Uncomfortably numb with politics as usual
With the ongoing budget battle in Congress and the GOP-led government shutdown — the first shutdown in 17 years — over funding the Affordable Care Act as of Tuesday, Oct. 1, it would seem that there is little dignity left in politics, at least on Capitol Hill. Despite the dozens of times congressional Republicans have tried to repeal the law since it was enacted in March 2010, with the Democratic majority in the Senate, conservatives in the House of Representatives were always sure to lose. With the Supreme Court upholding the constitutionality of the Affordable Care Act in June, the time, energy and money wasted in attempts to repeal it, defund it and/or dismantle it just prove what a joke Congress has become, or at least the majority of those in the House who have made blocking the Affordable Care Act their mission impossible. And while we support some of those who have dedicated their lives as public servants in Sacramento and D.C., this debacle regarding affordable health care for all makes a mockery of politics in general.
Remember how the sequester, a supposed threat that was too big and that had cuts too drastic so that no lawmaker would see it through, came and went and little has been said about how awful it has been other than the fact that multiple federal agencies have had to scale back and make do with less. What makes this particular occasion, this idiotic show of being right at all costs for certain Republican lawmakers, is the hypocrisy in their actions. Maybe they think that this can just be brushed under the carpet, Americans none the wiser about politics as usual. We certainly hope, however, that voters don’t forget. This government shutdown has been projected to cost taxpayers hundreds of millions of dollars per day in lost economic output, according to Lexington, Massachusetts-based IHS, a global market research firm, with more than 800,000 federal workers on furlough. Isn’t a government shutdown the epitome of job-killing and debt-building?
This moronic “showdown” over the budget, however, was not a big surprise. With Congress’ approval rating at an all-time low, a recent Gallup poll showing around 19 percent and a CNN poll around 10 percent, what should we expect from those we perceive as incompetent leaders? Sure, both sides have an ax to grind. Allegedly, Democrats have bleeding hearts for the poor at the cost of employers and Republicans are too hard-nosed to distress the pocketbooks of employers, aka job creators. But the approval ratings of our legislators didn’t just shrink overnight. They actually have had to work at disappointing their constituents over time. The real mystery in all of this is, if Americans don’t like what their lawmakers are doing, then why do so many incumbents get re-elected? According to the Center for Responsive Politics, over the last 20 years, nearly 90 percent of House incumbents and roughly 85 percent of Senate incumbents have been re-elected.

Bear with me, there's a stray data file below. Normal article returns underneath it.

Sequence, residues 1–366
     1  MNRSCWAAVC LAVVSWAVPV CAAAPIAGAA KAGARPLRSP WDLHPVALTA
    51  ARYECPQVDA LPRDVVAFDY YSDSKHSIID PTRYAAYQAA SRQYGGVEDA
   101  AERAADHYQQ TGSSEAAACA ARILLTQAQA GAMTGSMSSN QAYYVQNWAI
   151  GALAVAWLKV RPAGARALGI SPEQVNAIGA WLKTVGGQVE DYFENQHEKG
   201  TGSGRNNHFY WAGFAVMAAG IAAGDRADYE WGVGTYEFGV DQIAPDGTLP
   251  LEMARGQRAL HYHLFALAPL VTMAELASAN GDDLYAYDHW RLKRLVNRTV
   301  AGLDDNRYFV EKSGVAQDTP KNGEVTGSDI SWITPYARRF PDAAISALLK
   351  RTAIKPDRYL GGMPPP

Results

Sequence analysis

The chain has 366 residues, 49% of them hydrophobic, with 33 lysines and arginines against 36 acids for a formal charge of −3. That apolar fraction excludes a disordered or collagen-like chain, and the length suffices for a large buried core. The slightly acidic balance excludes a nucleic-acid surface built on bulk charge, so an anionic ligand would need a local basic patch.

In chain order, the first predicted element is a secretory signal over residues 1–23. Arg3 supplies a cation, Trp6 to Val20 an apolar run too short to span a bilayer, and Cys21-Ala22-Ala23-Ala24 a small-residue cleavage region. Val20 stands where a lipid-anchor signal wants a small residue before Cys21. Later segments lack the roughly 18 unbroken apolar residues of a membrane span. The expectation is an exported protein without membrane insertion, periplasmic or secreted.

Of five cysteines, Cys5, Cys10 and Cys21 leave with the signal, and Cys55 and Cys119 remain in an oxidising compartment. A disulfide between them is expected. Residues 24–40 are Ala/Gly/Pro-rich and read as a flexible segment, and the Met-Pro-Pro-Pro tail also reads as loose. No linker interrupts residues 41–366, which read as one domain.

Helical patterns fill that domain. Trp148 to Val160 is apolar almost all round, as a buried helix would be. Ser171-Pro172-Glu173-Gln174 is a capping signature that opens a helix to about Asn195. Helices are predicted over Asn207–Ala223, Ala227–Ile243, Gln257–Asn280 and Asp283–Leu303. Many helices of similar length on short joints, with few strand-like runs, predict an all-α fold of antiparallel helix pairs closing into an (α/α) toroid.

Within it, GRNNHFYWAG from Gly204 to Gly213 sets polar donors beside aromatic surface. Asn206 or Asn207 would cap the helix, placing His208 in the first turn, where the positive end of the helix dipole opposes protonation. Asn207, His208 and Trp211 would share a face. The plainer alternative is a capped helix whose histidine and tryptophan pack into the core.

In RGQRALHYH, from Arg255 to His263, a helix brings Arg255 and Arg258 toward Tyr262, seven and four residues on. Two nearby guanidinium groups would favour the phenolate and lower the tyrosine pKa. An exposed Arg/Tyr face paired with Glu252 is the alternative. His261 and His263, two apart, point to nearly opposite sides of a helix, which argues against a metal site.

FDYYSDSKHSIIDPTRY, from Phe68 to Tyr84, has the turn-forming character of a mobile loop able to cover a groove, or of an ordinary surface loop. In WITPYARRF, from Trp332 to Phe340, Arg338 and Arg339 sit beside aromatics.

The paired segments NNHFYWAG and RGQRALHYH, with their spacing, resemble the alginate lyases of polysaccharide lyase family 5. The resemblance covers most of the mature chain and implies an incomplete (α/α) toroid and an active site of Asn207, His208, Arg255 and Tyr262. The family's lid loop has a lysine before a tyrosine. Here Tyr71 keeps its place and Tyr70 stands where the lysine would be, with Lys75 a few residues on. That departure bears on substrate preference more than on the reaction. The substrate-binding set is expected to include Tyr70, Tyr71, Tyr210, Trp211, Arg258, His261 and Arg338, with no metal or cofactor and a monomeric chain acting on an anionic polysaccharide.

As Americans and the world watch for what House Republicans will do as the debate over the debt ceiling approaches, there is no real way to put into words the dismay and frustration we feel over this futile and embarrassing display of such self-serving tactics. It seems as though this battle isn’t really over health care, or bolstering job creation, or individual responsibility. It reeks of, simply, being right. But let’s face it — being right in politics is an oxymoron. So if the executive branch won’t budge and the judicial branch isn’t on your side and half of the legislative branch is against you, and further, the number of people enrolling in the various insurances exchanges is growing in all states, then what exactly is this all about? We are hard-pressed to find a legitimate excuse for this nonsense on Capitol Hill. But we digress. Maybe this is just another round of politics as usual and we, the general public, voters, will forget all about this, come next election cycle. And that’s the truly distressing part.